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The Five-Point Weekend Escape Plan

Go Beyond Football in Madison

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5. Oddball Day


The Old Sugar Distillery produces small-batch rum, sorghum whiskey, ouzo, and other limited-release spirits on-site.   

Hop on a bike to explore some local eating and drinking traditions and find out why Madison was named the only gold-certified Bicycle Friendly Community east of the Mississippi by the League of American Bicyclists. Rent your ride at Machinery Row Bicycles (Trek 7200 hybrid with lock and helmet, $20 per day) and then head a half-mile to fuel up at the Dane County Farmers’ Market (every Saturday, 6 a.m. to 2 p.m.) Stock up on goods from more than 160 vendors trimming Capitol Square; keep an eye out for incredible produce from Snug Haven Farm and organic Gouda and cheddar cheese from Bleu Mont Dairy. Afterward, connect with the Capital City Bike Loop as it climbs slightly east before winding south across Lake Monona. The scenic sixteen-mile loop passes downtown attractions like Monona Terrace before crossing through residential neighborhoods dotted with bungalow-style homes and leafy natural areas like the Capital Springs State Recreation Area. Circle back to the Memorial Union Terrace on the university’s campus and watch boats drift by on Lake Mendota with a pitcher of Bell’s Oberon seasonal ale ($12.50) and a Klement’s bratwurst sandwich ($3.65), a local delicacy. Before returning your bike by 7 p.m., reward your day of pedaling with a sip of brandy, the state spirit of choice, at the Old Sugar Distillery. Sit in the airy tasting room and order a brandy old-fashioned sweet ($7), classically built with house-made brandy, 7-Up, and garnished with an orange wedge and cherry. Once your bike is returned, take a break from dairy at Lao Laan-Xang, run for more than two decades by a family of Laotian refugees. Be sure to try the house specialty of larp, a mix of minced meat, shallots, and spices served cold on a bed of lettuce and bean sprouts with sticky rice ($13.75). Afterward, wind down at no-frills Mickey’s Tavern (1524 Williamson Street, 608-251-9964) on the east side of the city, which opened in 1902 and has kept its doors open ever since, including during prohibition. Sit outside on the patio with a locally adored Bloody Mary ($6.50 with a beer back), containing a skewer of pickled olive, onion, mushrooms, Brussels sprouts, and pickle, before catching a live rock, punk, or folk show.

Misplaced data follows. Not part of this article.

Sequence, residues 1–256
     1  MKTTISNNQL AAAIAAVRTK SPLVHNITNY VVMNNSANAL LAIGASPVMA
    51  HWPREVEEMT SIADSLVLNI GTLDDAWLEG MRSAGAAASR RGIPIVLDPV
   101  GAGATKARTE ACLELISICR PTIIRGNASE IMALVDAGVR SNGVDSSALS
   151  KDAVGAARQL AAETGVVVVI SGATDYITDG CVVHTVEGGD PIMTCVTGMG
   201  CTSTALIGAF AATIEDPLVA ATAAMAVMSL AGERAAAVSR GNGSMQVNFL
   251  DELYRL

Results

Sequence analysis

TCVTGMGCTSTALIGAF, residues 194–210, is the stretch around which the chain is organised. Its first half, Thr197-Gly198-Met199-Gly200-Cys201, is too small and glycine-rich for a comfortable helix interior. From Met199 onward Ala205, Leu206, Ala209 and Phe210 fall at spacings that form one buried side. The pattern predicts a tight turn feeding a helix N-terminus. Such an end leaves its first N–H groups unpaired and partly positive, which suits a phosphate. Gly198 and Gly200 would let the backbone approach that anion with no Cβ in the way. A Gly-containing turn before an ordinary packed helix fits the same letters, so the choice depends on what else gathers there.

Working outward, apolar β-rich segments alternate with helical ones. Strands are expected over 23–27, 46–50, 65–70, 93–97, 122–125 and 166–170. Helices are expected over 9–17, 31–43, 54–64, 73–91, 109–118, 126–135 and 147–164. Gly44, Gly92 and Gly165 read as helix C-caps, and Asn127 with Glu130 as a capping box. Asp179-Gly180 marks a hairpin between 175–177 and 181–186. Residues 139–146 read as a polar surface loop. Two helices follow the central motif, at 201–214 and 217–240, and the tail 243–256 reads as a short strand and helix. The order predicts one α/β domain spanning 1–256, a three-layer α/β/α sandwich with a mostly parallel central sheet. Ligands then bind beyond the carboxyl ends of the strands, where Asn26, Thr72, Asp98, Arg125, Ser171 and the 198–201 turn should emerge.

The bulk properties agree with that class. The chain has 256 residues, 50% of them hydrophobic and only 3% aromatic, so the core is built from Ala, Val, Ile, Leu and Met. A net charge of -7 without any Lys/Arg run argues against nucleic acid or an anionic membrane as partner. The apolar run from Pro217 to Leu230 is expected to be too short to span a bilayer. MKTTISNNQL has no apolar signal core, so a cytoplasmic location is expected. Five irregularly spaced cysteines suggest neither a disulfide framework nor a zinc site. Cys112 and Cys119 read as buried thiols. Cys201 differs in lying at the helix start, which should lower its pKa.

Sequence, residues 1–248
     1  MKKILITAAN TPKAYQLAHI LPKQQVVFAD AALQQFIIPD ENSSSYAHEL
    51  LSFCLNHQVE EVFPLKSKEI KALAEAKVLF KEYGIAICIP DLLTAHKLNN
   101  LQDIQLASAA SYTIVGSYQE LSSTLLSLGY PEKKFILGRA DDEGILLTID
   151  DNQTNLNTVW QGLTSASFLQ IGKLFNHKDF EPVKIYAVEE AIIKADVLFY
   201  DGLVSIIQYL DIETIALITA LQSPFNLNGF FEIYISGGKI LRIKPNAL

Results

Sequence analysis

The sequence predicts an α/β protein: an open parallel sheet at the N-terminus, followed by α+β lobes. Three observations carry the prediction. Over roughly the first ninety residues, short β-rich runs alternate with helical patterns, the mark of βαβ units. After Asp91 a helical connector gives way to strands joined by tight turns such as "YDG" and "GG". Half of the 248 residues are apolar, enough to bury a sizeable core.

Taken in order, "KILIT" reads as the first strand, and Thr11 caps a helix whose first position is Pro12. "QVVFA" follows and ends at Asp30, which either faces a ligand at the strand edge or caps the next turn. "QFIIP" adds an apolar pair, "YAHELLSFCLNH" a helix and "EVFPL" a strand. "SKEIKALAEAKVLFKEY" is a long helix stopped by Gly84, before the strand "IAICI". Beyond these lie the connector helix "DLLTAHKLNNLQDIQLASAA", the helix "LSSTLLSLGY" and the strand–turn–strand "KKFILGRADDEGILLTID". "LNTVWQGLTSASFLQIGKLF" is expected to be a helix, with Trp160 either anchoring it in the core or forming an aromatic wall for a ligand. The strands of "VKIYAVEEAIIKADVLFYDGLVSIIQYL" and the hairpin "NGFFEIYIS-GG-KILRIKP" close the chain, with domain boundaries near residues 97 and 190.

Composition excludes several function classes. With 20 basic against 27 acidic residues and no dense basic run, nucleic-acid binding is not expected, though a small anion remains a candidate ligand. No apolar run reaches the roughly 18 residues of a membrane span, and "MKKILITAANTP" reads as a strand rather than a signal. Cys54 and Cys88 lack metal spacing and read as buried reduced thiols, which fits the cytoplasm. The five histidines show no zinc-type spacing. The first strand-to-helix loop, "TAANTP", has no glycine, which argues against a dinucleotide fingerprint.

Published on Jun 8, 2012 as a web exclusive.

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